High Blood Pressure and Oral Health

Get your blood pressure checked before your dental appointment!

High blood pressure, also called HBP or hypertension, can affect your ability to receive oral healthcare. Performing dental treatments on patients with hypertension can be detrimental! If your blood pressure is too high, many dentists won’t schedule procedures until you receive a health assessment from your medical doctor.

What is high blood pressure?

The two forces measured for your blood pressure reading are the blood pumping out of your heart and into your arteries (systolic), and the heart resting between beats (diastolic). Normal blood pressure readings for a healthy individuals who are 20 years and older should be below 120 for systolic and below 80 for diastolic. If blood pressure readings are consistently higher than 120/80 then you’re probably suffering from hypertension.

According to Heart.org, the website of the American Heart Association, “Untreated high blood pressure damages and scars your arteries.” High blood pressure increases risks of blood clots, organ damage, heart attacks, and strokes. High blood pressure also results increased plaque build-up and weakening blood vessels.

How does high blood pressure affect my dental health?

In a white paper released by the American Diagnostic Corporation, it states: “…elevations of blood pressure can increase a patient’s risk of experiencing a stroke or myocardial infarctions in the dental chair.” Patients with hypertension can also be in danger from local anesthetics that use vasoconstrictors, such as epinephrine, which increase blood pressure and heart arrhythmia.

High blood pressure medications can also affect your dental wellbeing. Some prescriptions cause dry mouth and may also alter your sense of taste. Meds with calcium blockers can also create gum overgrowth, which can affect a patient’s ability to chew and may require periodontal surgery to correct.

Will my dentist still treat me if I have high blood pressure?

Most dentists will not treat patients who have(untreated) high blood pressure, especially if your numbers are in the Stage 1 or higher range for hypertension.

This chart reflects blood pressure categories defined by the American Heart Association.

Blood Pressure
mm Hg (upper #)
mm Hg (lower #)
less than 120 and less than 80
Prehypertension 120139 or 8089
High Blood Pressure
(Hypertension) Stage 1
140159 or 9099
High Blood Pressure
(Hypertension) Stage 2
160 or higher or 100 or higher
Hypertensive Crisis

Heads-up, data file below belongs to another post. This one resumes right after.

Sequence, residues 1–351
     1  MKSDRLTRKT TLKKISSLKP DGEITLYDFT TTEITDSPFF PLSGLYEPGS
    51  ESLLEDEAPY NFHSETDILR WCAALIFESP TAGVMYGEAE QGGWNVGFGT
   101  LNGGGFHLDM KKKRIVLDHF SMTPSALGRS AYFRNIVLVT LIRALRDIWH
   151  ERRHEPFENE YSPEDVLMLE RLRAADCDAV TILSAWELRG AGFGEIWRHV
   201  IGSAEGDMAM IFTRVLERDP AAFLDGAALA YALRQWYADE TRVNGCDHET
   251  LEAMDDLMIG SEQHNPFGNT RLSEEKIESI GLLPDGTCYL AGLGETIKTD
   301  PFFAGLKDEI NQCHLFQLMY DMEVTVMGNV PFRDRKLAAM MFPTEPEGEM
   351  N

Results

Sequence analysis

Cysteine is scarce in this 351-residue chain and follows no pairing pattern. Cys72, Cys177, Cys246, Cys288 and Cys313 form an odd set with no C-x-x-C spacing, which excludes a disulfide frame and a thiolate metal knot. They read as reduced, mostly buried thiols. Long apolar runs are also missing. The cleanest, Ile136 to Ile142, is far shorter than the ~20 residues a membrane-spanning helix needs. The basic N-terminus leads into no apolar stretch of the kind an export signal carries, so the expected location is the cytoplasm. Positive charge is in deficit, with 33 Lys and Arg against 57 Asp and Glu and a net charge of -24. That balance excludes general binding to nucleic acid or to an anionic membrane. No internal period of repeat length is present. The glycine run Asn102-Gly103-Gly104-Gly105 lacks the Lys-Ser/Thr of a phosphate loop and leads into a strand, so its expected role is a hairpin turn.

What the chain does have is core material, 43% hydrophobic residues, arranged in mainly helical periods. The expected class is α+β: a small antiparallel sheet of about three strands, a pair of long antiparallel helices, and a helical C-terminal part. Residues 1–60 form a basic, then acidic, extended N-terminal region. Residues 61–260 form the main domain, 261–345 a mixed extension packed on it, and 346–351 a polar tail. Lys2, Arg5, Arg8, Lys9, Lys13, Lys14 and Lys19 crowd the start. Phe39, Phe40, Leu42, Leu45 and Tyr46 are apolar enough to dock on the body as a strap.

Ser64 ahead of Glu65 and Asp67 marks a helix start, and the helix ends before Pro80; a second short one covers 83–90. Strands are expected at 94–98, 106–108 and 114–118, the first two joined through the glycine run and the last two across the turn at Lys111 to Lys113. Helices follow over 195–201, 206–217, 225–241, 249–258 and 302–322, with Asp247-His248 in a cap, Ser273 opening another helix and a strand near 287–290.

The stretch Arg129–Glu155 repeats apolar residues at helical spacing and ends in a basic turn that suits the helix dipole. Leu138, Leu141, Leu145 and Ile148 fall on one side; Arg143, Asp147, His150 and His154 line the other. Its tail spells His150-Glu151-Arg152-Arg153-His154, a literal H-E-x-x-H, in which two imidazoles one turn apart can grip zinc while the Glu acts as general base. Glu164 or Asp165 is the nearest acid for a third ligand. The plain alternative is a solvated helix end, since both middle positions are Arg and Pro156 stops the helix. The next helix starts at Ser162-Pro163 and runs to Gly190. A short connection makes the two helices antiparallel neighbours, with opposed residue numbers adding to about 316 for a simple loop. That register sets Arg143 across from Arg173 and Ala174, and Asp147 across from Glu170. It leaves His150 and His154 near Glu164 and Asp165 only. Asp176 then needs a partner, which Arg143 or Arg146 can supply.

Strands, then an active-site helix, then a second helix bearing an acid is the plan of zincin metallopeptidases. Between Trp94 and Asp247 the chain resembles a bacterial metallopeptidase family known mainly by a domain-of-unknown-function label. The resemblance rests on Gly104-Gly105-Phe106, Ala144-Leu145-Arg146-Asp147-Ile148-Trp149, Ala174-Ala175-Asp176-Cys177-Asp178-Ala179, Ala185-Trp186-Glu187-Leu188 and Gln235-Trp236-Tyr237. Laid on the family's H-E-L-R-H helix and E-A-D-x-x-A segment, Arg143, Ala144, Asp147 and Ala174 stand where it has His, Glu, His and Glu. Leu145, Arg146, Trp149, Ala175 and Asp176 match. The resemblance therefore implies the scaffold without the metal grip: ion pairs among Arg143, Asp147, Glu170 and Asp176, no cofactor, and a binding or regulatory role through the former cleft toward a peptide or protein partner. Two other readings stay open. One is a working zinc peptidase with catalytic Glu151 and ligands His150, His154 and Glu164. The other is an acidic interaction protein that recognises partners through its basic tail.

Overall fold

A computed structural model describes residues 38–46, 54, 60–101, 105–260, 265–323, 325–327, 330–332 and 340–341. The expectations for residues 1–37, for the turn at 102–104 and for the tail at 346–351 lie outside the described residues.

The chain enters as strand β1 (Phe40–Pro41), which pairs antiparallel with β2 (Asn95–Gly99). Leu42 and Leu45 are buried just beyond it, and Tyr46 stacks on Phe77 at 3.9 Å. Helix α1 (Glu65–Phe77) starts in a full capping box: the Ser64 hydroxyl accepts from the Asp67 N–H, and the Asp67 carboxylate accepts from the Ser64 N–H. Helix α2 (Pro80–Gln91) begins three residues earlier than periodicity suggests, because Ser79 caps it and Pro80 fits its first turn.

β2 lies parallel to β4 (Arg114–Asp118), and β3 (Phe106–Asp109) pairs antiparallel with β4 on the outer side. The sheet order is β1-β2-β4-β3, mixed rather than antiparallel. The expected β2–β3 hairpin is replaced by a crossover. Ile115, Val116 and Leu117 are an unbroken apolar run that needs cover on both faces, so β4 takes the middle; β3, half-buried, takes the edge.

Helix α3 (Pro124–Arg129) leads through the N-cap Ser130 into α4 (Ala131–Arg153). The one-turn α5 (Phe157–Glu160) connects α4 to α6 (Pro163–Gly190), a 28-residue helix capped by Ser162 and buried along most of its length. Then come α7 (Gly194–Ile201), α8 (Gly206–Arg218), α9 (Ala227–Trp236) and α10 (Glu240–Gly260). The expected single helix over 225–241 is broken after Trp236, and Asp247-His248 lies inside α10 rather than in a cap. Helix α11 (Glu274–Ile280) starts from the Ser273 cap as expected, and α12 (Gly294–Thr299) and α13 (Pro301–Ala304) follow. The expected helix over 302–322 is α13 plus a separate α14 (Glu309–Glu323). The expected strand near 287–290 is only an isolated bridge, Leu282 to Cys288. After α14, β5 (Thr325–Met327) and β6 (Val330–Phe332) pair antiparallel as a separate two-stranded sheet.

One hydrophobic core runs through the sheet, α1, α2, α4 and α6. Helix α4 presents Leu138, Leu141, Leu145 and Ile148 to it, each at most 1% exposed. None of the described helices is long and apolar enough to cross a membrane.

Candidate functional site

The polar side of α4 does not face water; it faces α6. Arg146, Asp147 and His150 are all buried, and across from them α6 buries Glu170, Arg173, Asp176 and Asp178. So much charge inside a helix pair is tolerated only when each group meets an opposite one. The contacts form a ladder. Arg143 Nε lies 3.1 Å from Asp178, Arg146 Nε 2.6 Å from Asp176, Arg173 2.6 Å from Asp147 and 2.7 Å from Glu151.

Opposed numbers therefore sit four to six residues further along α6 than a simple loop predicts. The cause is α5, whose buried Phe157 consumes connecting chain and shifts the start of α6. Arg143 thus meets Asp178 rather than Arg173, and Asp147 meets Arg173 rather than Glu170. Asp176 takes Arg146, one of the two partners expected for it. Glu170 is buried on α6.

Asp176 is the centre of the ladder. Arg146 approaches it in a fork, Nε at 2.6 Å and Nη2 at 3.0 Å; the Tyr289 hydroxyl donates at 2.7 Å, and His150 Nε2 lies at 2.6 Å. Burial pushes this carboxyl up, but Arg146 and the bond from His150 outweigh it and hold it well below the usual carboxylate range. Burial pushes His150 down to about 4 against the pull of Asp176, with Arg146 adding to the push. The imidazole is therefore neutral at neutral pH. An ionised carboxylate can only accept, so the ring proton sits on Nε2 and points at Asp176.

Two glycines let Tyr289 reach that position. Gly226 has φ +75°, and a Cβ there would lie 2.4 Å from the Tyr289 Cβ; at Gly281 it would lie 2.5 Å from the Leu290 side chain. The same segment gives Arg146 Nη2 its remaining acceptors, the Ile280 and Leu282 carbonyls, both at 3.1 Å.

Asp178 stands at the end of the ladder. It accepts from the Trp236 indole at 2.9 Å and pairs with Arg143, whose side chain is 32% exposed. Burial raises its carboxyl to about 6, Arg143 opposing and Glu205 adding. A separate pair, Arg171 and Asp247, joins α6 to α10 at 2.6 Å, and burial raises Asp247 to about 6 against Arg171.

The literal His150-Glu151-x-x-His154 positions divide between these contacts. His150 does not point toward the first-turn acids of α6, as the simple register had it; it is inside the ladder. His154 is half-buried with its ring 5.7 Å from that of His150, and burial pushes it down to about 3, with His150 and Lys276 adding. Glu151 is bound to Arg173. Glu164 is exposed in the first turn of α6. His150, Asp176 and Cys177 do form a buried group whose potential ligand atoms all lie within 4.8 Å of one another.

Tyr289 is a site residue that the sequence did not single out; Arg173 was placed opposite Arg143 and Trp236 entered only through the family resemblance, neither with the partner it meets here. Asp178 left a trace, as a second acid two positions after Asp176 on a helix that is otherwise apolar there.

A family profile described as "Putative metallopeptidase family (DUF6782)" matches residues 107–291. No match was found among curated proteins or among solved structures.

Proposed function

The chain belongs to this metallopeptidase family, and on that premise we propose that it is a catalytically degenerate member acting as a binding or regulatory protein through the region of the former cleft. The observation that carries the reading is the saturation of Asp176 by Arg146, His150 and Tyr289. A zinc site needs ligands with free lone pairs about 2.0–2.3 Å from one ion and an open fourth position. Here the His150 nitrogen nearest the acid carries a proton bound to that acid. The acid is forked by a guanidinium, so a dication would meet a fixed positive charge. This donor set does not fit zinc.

(Emergency care needed)
Higher than 180 or Higher than 110

* Your doctor should evaluate unusually low blood pressure readings.

 If you’re being treated for high blood pressure, it’s important for you to discuss your condition and your medications with your dentist before beginning any treatments. Most patients being treated for high blood pressure can still have dental procedures, take anti-anxiety medications (often used for oral conscious sedation), and safely receive local anesthetics.

If you have any thoughts or questions regarding this post kindly post your comments below or email us via our website www.harrow-dentist.com or call 020 84272543

With acknowledgements to Best Dentist News


Gum Disease and Heart Health


A large percentage (nearly 80%) of  British  adults suffer from  some form ( mild or severe)gum disease! Gum disease can devastate your oral health, causing serious dental problems. In fact, the number one reason for adult tooth loss  is untreated gum disease. Worse, though, is the effect that gum disease can have on your heart health.

Research conducted recently found that patients who had suffered heart attacks also suffered from poor oral health, too. And the AmericanAcademyof Periodontology notes that people diagnosed with gum disease are twice as likely to have heart disease.

How do you know if you have gum disease? You may have periodontal infection if your gums:

  • Bleed during or after brushing your teeth
  • Feel tender, swollen, or sore
  • Look red or discoloured
  • Form pockets around your teeth
  • periodontal disease can also be ‘silent’ and you can be unaware of a problem that only a thorough examination will detect .
  • teeth tender or feel as though they are moving  ‘

One of the simplest ways to ensure good gum health is to brush twice, floss once, and use a fluoridated oral rinse every day. At the Harrow Dental Centre we usually recommend  a regular  dental review  at least twice a year  and regular intervals between your Oral Hygiene visits tailored to your gum health needs .

According to research published in The New England Journal of Medicine, patients who were treated for periodontitis showed improvements in endothelial (cells that line blood vessels) function. So, getting your oral health in order can also improve your overall health, too!